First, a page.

Manila, September 30, 2021 – From September 21 to 29, the U.S. Peace Corps held a virtual forum on marine protected area management for 25 local government unit (LGU) partners in Luzon and Visayas. The webinar was timed to coincide with World Maritime Month and International Clean-Up Month, highlighting the importance of protecting our maritime environment and cleaning up coastal trash so that the Philippines remains one of the world’s most biodiverse countries.
“This virtual program aims to increase awareness around how to establish different types of marine protected areas and monitor biodiversity. It also provides an opportunity for LGUs to share best practices with one another around sustainable livelihoods other than fishing, such as diving tourism,” said U.S. Peace Corps Country Director Jenner Edelman during her remarks.
“You cannot manage what you cannot count,” added De La Salle University SHORE Center Director Dr. Wilfredo Licuanan when introducing simple, low-cost citizen science monitoring tools that LGUs can use to monitor fish, coral, and other invertebrates in Philippine marine protected areas.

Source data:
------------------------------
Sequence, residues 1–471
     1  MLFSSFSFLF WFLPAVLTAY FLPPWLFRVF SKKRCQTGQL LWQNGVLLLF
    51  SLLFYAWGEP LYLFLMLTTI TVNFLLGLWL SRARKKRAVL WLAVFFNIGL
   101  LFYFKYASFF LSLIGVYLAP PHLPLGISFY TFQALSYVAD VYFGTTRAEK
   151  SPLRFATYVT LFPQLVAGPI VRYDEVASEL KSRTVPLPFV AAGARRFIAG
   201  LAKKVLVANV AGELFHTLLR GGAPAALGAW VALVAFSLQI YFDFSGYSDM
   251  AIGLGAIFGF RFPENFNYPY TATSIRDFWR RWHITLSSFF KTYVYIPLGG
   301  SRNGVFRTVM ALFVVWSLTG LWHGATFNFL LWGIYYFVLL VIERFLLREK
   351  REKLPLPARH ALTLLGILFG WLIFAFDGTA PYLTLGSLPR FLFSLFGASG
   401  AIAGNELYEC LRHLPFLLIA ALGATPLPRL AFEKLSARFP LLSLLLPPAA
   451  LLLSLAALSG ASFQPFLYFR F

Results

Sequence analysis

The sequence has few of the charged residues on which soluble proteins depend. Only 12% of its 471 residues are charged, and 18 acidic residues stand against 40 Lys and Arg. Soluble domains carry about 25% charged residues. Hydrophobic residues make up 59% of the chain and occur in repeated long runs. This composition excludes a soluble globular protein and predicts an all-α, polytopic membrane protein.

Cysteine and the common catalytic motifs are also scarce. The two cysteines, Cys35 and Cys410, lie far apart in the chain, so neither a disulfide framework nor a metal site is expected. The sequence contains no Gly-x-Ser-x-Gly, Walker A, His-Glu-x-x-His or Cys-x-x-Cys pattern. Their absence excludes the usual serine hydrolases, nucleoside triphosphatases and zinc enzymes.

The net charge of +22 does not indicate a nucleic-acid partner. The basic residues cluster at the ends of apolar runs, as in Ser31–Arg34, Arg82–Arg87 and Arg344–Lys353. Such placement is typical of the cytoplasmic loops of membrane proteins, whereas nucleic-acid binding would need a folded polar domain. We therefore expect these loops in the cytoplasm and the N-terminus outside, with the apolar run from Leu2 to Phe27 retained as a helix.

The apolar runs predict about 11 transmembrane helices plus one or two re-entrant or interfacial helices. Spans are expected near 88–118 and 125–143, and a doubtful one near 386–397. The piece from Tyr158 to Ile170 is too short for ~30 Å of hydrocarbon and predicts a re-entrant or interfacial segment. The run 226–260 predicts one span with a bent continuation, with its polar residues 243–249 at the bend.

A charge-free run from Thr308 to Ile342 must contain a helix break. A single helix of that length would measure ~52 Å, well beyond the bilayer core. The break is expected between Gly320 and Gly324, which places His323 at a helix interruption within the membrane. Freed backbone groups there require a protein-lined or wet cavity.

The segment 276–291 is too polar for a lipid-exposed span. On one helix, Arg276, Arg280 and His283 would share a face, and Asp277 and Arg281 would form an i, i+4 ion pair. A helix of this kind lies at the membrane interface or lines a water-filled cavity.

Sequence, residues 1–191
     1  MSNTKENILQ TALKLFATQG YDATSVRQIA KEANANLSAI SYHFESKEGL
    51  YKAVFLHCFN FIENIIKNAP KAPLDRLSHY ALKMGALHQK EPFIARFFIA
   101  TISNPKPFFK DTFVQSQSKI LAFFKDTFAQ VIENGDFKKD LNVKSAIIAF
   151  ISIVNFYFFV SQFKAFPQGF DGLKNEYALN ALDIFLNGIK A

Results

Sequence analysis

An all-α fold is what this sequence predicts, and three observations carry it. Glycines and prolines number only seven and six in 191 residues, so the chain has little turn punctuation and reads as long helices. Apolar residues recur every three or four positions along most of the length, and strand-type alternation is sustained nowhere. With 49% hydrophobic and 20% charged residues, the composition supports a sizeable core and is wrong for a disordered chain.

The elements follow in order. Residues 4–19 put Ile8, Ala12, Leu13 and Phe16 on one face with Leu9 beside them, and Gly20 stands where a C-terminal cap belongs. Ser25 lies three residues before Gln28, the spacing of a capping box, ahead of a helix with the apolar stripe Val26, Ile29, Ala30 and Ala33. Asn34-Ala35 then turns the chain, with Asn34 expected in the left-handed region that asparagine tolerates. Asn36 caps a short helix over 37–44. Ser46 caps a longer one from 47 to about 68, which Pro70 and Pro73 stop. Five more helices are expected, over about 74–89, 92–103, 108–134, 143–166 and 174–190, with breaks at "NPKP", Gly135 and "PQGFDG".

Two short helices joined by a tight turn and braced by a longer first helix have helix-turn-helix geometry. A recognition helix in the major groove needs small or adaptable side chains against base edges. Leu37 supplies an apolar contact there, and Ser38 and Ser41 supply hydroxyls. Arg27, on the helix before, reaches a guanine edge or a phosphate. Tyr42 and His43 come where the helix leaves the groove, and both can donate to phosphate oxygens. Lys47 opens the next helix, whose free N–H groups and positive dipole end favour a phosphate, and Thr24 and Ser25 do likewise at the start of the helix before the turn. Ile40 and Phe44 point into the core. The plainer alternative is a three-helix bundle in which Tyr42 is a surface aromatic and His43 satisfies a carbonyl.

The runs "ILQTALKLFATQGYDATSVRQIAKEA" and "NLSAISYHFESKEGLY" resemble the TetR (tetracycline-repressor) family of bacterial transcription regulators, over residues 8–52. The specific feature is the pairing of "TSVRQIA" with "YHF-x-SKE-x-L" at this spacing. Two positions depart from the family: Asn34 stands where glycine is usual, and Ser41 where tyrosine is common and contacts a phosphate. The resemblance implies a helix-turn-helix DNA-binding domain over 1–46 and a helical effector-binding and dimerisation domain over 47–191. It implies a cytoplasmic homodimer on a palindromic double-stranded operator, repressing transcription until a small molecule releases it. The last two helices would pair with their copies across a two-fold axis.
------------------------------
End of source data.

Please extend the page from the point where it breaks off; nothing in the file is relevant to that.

Senior Fisheries Advisor Andre Uychiaoco of USAID’s Php1.3-billion Fish Right Program noted the importance of “cooperation and consensus between the Bureau of Fisheries and Aquatic Resources, LGUs, and fisherfolk in managing Fishery Management Areas, in addition to establishing marine protected areas to promote sustainable fishing in the Philippines.”
Several American Peace Corps volunteers who were evacuated from coastal communities across the Philippines in 2020 due to COVID-19 joined to share their experiences in establishing marine protected areas with their LGU counterparts.
This forum is the first in what will be a series of virtual and blended technical assistance and knowledge-exchange opportunities between the U.S. Peace Corps and LGU partners across the Philippines during the ongoing pandemic.
The Peace Corps is the U.S. government’s premier volunteer service organization and was founded by former U.S. President John F. Kennedy in 1961. Since then, more than 240,000 Americans have served in over 140 countries globally.
Over 9,300 Peace Corps volunteers have served across the Philippines alone since then, including approximately 300 Coastal Resource Management volunteers. The U.S. Peace Corps and its partners look forward to welcoming American volunteers to the Philippines as soon as it is safe and, in the interim, will continue working together to support Filipino communities in protecting the country’s marine biodiversity and recovering from the pandemic.